After the Recall: Dangerous Products Remain in Homes

-Full report-

Author(s):  Kids in Danger (KID)

  • Jordan Durrett

Published: February 18th, 2014

Report Intro/Brief:
“Since 2002, Kids In Danger (KID) has released an annual report detailing children‘s product recalls throughout the previous year. This year‘s report examines children‘s product recalls in 2013. In addition, through documents from the US Consumer Product Safety Commission (CPSC), the report examines how effective the recalls from 2012 were in removing dangerous products from homes.

Findings of the report include:

  • The number of children‘s product recalls increased 18% from 2012 to 2013.
  • Incidents (down 38%) and injuries (down 16%) reported both fell below 2012 levels. However, deaths increased by 22% from 2012.
  • Children‘s clothing and nursery products account for over half of all the children‘s product recalls and 52% of the reported injuries in 2013.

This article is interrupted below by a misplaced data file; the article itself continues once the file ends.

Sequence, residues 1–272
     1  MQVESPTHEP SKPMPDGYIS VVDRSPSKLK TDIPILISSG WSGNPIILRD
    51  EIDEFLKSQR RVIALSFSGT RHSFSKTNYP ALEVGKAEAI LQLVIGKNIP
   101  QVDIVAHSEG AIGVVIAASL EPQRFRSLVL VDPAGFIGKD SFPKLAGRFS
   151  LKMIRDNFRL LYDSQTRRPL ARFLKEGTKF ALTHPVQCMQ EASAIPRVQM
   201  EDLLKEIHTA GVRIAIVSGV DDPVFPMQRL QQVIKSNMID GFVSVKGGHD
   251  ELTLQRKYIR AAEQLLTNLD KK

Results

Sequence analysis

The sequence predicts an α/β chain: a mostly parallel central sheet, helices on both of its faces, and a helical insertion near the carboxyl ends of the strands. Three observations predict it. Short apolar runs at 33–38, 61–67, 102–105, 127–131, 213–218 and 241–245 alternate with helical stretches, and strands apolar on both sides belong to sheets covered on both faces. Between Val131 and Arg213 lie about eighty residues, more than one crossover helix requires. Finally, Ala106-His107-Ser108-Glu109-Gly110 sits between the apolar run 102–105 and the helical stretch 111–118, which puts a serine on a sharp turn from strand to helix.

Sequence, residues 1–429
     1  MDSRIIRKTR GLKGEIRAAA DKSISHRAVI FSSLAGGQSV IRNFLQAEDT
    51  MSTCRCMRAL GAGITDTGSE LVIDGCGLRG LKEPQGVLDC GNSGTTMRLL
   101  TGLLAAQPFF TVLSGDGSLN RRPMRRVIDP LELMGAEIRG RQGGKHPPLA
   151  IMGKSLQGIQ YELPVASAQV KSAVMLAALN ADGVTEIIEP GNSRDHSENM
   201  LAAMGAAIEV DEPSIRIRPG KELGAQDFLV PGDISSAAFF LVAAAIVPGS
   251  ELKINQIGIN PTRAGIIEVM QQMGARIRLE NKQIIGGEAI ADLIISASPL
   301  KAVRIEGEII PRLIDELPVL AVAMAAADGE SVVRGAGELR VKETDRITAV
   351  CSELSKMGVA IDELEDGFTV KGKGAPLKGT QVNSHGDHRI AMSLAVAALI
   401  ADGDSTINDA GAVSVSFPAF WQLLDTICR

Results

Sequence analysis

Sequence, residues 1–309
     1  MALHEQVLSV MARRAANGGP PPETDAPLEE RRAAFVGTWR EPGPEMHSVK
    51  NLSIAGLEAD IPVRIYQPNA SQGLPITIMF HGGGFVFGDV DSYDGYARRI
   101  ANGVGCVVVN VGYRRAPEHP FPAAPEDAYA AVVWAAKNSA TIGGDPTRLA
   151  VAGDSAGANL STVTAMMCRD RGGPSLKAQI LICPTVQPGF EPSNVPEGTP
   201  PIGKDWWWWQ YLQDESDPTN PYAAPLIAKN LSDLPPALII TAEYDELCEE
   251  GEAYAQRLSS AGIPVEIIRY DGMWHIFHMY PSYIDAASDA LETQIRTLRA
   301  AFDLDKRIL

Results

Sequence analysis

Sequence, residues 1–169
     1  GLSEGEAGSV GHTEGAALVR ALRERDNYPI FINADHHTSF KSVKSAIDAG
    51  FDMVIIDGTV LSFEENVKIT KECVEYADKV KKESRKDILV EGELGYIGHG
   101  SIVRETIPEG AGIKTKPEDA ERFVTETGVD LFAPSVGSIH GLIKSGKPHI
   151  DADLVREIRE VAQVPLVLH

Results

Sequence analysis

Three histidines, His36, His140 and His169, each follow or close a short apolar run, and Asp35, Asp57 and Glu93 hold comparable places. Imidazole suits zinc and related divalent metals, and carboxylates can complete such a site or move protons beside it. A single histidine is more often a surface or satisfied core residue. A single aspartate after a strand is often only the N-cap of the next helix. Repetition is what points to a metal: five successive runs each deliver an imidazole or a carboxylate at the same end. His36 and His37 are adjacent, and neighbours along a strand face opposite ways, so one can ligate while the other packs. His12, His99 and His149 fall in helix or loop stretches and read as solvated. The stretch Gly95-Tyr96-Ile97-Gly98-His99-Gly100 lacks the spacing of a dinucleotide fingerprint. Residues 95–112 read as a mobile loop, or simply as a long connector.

• Furniture was involved in four out of the eleven deaths reported in 2013. The other seven deaths were related to nursery products.
  • There were a total of 1,566 incidents, 196 injuries and 11 deaths reported before the recall was issued in 2013.
  • Only 10% of 2012 recalled children‘s products were successfully corrected, replaced or returned. When manufacturers still have control of a recalled product, in their warehouses or with a retailer, the success rate is higher. But once a product is in consumer hands the success rate plummets.
  • There were 584 incidents and 39 injuries reported after the recalls were announced in 2012.
  • There were 63 recalls in 2013 where the manufacturer had a Facebook page, but only nine incidences where the manufacturer mentioned their product recall on Facebook. Similarly, there were 63 recalls in 2013 where a manufacturer had a Twitter page, but only eight incidences where the manufacturer mentioned the recall on the page.
  • Regression models found that to raise recall awareness in just one consumer it takes on average 1,000 direct mailed letters to consumers from manufacturers. Also, in order for a consumer to request additional information on a recall the recall must air on television 2,500 times.”
    -from the executive summary

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